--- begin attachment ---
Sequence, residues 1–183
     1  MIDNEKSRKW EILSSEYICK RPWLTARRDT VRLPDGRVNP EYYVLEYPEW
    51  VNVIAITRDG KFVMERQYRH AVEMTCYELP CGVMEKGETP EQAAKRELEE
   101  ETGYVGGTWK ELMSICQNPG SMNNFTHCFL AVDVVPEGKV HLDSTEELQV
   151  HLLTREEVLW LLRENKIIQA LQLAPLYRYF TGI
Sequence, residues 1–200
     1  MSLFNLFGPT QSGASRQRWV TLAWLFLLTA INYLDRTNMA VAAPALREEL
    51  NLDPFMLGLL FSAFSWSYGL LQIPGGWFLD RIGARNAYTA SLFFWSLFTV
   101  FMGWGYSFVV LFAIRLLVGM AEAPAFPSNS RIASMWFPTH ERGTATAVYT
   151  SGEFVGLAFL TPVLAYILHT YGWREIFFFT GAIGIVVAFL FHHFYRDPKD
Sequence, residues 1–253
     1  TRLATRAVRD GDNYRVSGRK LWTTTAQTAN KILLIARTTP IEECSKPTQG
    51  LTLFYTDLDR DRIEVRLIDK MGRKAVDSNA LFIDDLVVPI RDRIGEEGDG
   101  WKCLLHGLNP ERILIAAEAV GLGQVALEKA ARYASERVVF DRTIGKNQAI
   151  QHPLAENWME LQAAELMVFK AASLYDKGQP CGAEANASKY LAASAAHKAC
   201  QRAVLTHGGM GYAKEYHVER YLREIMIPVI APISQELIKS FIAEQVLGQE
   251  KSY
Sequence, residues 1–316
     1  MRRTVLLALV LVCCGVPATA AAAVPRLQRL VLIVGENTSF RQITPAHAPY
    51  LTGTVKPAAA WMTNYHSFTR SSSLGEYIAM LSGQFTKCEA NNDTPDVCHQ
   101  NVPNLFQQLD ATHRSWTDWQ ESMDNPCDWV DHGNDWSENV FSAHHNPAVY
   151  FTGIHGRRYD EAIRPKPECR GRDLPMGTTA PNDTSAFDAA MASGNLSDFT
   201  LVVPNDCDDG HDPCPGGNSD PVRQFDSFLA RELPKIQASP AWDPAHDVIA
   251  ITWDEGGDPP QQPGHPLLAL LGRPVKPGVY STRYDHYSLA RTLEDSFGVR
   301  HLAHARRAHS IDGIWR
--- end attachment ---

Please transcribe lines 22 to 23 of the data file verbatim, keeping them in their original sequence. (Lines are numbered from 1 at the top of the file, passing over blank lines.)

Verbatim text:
   151  FTGIHGRRYD EAIRPKPECR GRDLPMGTTA PNDTSAFDAA MASGNLSDFT
   201  LVVPNDCDDG HDPCPGGNSD PVRQFDSFLA RELPKIQASP AWDPAHDVIA